In order to set the last states of the previous sentence as the initial states of the next sentence, we first read a large batch of K consecutive sentences. Each epoch of training is done by iterating through all mini-batches created from large batches. Each mini-batch has a size of 25 sentences. Mini-batch i from a large batch is formed by sentences with indices i, K/25 + i, 2K/25 + i, …, 24K/25 + i from the large batch. Each large batch has K/25 mini-batches. By iterating through interleaved sentences from mini-batches, the last states of the LSTM from the previous sentence remain as initial states of the LSTM for the next sentence.


In this experiment, we evaluate the capability of our approach to learn word representations. We train the model with the Brown corpus as it is small enough for quick iterations. We set K = 10,000, number of negative samples as 50, maximum sentence length as 50 (shorter sentences are padded with a special token), number of predicted sentences as 11 (5 on either side and the centre sentence), sentence embedding size as 300 (same as in word2vec), vocabulary size as 50,000 (selected from most popular words in the corpus, other tokens are replaced by UNKNOWN). All words are lower-cased and tokenized by nltk. The training algorithm is Adagrad. We train the model for 100 epochs. We report the spearman’s rank correlations of word similarities of our trained word representations and others to human annotated scores in different data sets:

Word embeddings trained from our method out-perform Skip-gram and other methods in WordSim353 and WordSim353 Similarity tasks with significant margins. We hypothesise that as Skip-gram is based on pure word co-occurrence statistics it does better with word relatedness but does not distinguish between relatedness and similarity. Meanwhile our method uses the whole sentence representation for prediction, underlying word semantic is inferred from the other words in the same sentence and is used for better prediction. That leads to our method’s better efficiency in learning word semantic and similarities.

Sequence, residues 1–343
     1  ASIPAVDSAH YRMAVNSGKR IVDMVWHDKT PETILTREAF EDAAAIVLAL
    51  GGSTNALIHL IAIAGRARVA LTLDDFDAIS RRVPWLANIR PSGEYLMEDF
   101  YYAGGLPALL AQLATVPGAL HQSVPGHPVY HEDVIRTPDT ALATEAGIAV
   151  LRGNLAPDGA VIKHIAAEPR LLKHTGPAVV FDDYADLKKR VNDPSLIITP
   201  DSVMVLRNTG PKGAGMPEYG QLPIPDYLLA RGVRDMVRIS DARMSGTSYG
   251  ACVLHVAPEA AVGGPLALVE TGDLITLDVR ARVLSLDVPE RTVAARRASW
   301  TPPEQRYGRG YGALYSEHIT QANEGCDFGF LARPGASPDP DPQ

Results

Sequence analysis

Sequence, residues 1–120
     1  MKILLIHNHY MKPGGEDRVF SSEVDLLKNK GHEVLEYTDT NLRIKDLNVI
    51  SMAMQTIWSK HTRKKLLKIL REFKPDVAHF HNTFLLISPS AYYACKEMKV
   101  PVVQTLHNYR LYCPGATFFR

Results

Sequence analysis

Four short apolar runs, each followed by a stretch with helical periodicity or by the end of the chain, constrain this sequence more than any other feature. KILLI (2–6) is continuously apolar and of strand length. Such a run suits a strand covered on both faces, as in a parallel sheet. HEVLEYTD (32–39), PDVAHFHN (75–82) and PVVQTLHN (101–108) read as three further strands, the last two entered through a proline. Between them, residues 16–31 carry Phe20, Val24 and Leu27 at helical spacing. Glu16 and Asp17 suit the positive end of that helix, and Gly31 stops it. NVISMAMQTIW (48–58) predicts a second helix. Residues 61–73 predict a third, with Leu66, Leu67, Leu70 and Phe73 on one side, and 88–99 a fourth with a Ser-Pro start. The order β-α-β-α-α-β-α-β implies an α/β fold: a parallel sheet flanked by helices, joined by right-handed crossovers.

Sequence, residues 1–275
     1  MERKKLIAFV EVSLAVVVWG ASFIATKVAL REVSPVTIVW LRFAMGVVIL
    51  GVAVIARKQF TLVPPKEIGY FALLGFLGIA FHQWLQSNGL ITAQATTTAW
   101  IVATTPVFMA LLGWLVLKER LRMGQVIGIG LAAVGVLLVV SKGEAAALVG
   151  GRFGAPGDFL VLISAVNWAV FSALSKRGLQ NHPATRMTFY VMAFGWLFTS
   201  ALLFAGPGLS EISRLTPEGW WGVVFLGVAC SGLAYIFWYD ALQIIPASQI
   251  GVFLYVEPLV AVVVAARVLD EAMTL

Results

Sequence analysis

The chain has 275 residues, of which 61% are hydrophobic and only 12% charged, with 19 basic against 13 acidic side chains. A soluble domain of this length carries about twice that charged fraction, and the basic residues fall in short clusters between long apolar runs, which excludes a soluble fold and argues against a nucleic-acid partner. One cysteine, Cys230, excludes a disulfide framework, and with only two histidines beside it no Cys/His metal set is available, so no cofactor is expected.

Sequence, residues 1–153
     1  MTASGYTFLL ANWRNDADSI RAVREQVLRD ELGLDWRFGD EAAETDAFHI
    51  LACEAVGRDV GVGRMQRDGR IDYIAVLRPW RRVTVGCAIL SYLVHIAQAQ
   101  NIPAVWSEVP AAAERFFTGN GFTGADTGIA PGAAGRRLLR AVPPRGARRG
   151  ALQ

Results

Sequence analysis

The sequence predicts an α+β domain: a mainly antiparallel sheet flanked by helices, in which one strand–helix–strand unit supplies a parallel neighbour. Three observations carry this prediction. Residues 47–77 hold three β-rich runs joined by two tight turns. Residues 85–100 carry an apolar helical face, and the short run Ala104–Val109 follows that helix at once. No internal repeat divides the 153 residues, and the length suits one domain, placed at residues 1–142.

Our experiment shows promising results from training word representations with our method. However the experiment is limited to Brown corpus which is very small compared to available corpora. In the future, we would like to improve the training speed of our method and compare word or sentence representations learned from our method with much bigger corpora.



Felix Hill, Kyunghyun Cho, and Anna Korhonen. Learning distributed representations of sentences from unlabelled data. In Proceedings of the 2016 Conference of the North American Chapter of the Association for Computational Linguistics: Human Language Technologies, pp. 1367– 1377, San Diego, California, June 2016. Association for Computational Linguistics. URL http: //www.aclweb.org/anthology/N16-1162.

Gan, Z., Pu, Y., Henao, R., Li, C., He, X., & Carin, L. (2017). Learning Generic Sentence Representations Using Convolutional Neural Networks. In Proceedings of the 2017 Conference on Empirical Methods in Natural Language Processing (pp. 2380–2390). Copenhagen, Denmark: Association for Computational Linguistics. Retrieved from https://www.aclweb.org/anthology/D17-1253

Kiros, R., Zhu, Y., Salakhutdinov, R., Zemel, R. S., Torralba, A., Urtasun, R., & Fidler, S. (2015). Skip-Thought Vectors. In NIPS. Montreal, Canada. http://doi.org/10.1017/CBO9781107415324.004

Levy, O., Goldberg, Y., & Dagan, I. (2015). Improving Distributional Similarity with Lessons Learned from Word Embeddings. Transactions of the Association for Computational Linguistics, 3, 211–225. http://doi.org/10.1186/1472-6947-15-S2-S2

Sutskever, I., Vinyals, O., & Le, Q. V. (2014). Sequence to sequence learning with neural networks. Advances in Neural Information Processing Systems (NIPS), 3104–3112. http://doi.org/10.1007/s10107-014-0839-0

About Trung Huynh
Trung Huynh

I am a part-time PhD student at Knowledge Media Institute, Open University under supervision of Prof Stefan Rueger. In my full-time, I work as a software engineer for Google.